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General Average

10 September 2017
– 5 Minute Read


Mr Smith is fed up with all of the rain in Ireland and decides to return home to sunny Durban. He ships all of his household goods in a container carried on board a ship and expects his goods to arrive safely. However, when the vessel arrives in Port, Mr Smith receives notice that the ship was caught in a huge storm at sea, which caused the vessel to be driven into shallow water where it grounded. In order to proceed safely to Port urgently, the vessel had to be lightened, which resulted in a number of containers being jettisoned overboard by the crew. Mr Smith is pleased to learn that the container carrying his goods is still on board the ship, but extremely confused when he is advised that he will be obliged to put up security before the container accommodating his goods is released to him. Mr Smith is unaware of the principles of General Average, which was incorporated in the contract of carriage for his shipment.

As defined in the York-Antwerp Rules, “There is a General Average act when, and only when, any extraordinary sacrifice or expenditure is intentionally made or incurred for the common safety for the purpose of preserving from peril the property involved in a common maritime adventure.”

A General Average act may be sacrifice or expenditure or both. It is an action taken to preserve all the interests involved in a maritime adventure when the adventure is threatened by a common peril. Provided that the action is successful, it is required that the owners of the sacrificed property and/or the people who incurred the expenditure shall be reimbursed by all parties involved in the adventure on the grounds that, but for the General Average act, the adventure would have been lost.

Whatever measures are taken by way of sacrifice and/or expenditure, they must be successful. If they are not successful the adventure is lost and the resultant losses suffered by the interests involved rest where they fall; since if no property survives then there can be no contribution from their part for any sacrifices or expenditure incurred.

When a General Average act occurs on a voyage and the ship subsequently arrives safely at the port where the adventure is terminated, the ship is said to be “under average.” Apart from the ship owners personal interest in respect of any General Average damage to the ship/ expenditure incurred, they are also responsible for ensuring that any General Average damage sustained by cargo interests is made good. Generally an average adjuster will be appointed by Owners.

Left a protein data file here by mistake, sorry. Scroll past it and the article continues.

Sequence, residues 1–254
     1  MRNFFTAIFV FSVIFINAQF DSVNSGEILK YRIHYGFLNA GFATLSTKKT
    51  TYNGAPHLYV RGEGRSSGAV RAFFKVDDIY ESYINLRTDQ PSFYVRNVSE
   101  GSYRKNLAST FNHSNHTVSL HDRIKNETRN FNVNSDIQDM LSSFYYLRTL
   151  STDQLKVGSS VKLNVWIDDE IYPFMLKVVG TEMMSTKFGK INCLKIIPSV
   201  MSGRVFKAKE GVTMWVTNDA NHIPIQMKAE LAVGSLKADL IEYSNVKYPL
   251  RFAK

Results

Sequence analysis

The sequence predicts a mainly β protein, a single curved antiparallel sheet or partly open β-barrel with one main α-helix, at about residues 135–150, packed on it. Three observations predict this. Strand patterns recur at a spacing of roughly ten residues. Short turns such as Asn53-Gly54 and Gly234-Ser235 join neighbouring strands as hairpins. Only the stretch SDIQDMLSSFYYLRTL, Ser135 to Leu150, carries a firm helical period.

The average adjuster is tasked with collecting all necessary details and documentation relating to the adventure to reach the General Average adjustment. The adjustment is the statement showing the contribution each party with an interest in the voyage must make towards the General Average. The main contributors are generally the ship, cargo, and often freight.

The total of the General Average amount (damage/loss + expenditure incurred) is known as the “amount to be made good” and each interest’s contribution is referred to as its “General Average contribution.” The amount of each General Average contribution is based on the value of the interest concerned, or the “contributory value.” The adjuster must determine the total amount to be “made good” and then apportion this figure over the contributory values of the interests involved in order to establish the General Average contribution of each interested party.

The contributory value of each interest is that interest’s net arrived value at the place where the voyage ends. Clearly then, the owner of a container carrying high value products will be expected to contribute more than the owner of a container carrying low value products. It is noteworthy that even the owner of the cargo which was lost is obliged to pay in towards General Average as the loss must be shared between all parties common to the adventure. The owner of the lost cargo will ultimately receive compensation out of the General Average fund for his losses.

Once the vessel has arrived at a safe port and General Average has been declared, the ship owner has a lien over the goods which have been saved. In the circumstances, the ship owner may legally refuse to release the goods to their owner until such a time as security for the interest’s contribution to General Average has been provided.

Generally, the security required by the ship owner to release the goods will be a General Average Bond as well as one of a bank guarantee, underwriters guarantee or General Average deposit. The General Average Bond is signed by the receivers of cargo or other interest and the ship owner and confirms both parties agreement to the General Average and the adjustment being carried out. Additionally, the interest agrees to provide security as ship owner may require. A bank guarantee that the General Average Contribution will be paid on the completion of the adjustment is also required, or alternatively an Underwriters guarantee (under standard conditions of marine cargo insurance the underwriter is liable for the General Average contribution of the assured). If guarantees are unacceptable (or unobtainable, if, for example, the cargo is uninsured) the shipowner may require the cargo receiver to pay a deposit into a General Average fund.

In exchange for the contribution, a deposit receipt is given to the cargo owner / other interest. When the adjustment is finalized, the holder of the General Average deposit receipt will be paid the difference between the deposit and the actual contribution.

While General Average events do not occur very often, the sums involved when such an event does occur are generally very significant.  A prudent shipper of goods will ensure that they have appropriate insurance cover in place for all of their shipments.

* This article first appeared in the Sunday Tribune